#1




Problem with understanding the proof of Sauer Lemma
I will replicate the proof here which is from the book "Learning from Data"
Sauer Lemma: $B(N,K) \leq \sum_{i=0}^{k1}{n\choose i}$ Proof: The statement is true whenever k = 1 or N = 1 by inspection. The proof is by induction on N. Assume the statement is true for all $N \leq N_o$ and for all k. We need to prove that the statement for $N = N_0 + 1$ and fpr all k. Since the statement is already true when k = 1(for all values of N) by the initial condition, we only need to worry about $k \geq 2$. By (proven in the book), $B(N_0 + 1, k) \leq B(N_0, k) + B(N_0, k1)$ and applying induction hypothesis on each therm on the RHS, we get the result. **My Concern** From what I see this proof only shows that if $B(N, K)$ implies $B(N+1, K)$. I can't see how it shows $B(N, K)$ implies $B(N, K+1)$. This problem arises because the $k$ in $B(N_0 + 1, K)$ and $B(N_0, K)$ are the same, so i think i need to prove the other induction too. Why the author is able to prove it this way?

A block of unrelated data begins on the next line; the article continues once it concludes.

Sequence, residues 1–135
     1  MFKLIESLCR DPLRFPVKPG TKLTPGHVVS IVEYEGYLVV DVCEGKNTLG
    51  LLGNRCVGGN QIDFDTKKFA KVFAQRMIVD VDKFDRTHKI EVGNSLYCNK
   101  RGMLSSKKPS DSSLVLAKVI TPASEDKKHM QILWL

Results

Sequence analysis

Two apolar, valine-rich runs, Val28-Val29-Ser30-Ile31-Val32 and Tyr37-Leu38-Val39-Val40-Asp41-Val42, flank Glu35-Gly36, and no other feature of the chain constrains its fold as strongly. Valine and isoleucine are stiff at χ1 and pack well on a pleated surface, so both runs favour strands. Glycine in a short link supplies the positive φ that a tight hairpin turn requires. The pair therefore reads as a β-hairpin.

#2




Re: Problem with understanding the proof of Sauer Lemma
OK i think i will just post it below. I can't find an edit button. I mean for 2 variable induction, shouldn't we prove B(N,k) implies B(N+1,k) and B(N, K+1)?

#3




Re: Problem with understanding the proof of Sauer Lemma
You can imaging that the induction hypothesis to be satisfying the inequality for "all k", and then, satisfies the inequality for "all k" too.
Hope this helps.
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#4




Re: Problem with understanding the proof of Sauer Lemma
That is my concern. Why "all k" when we have not proved it.

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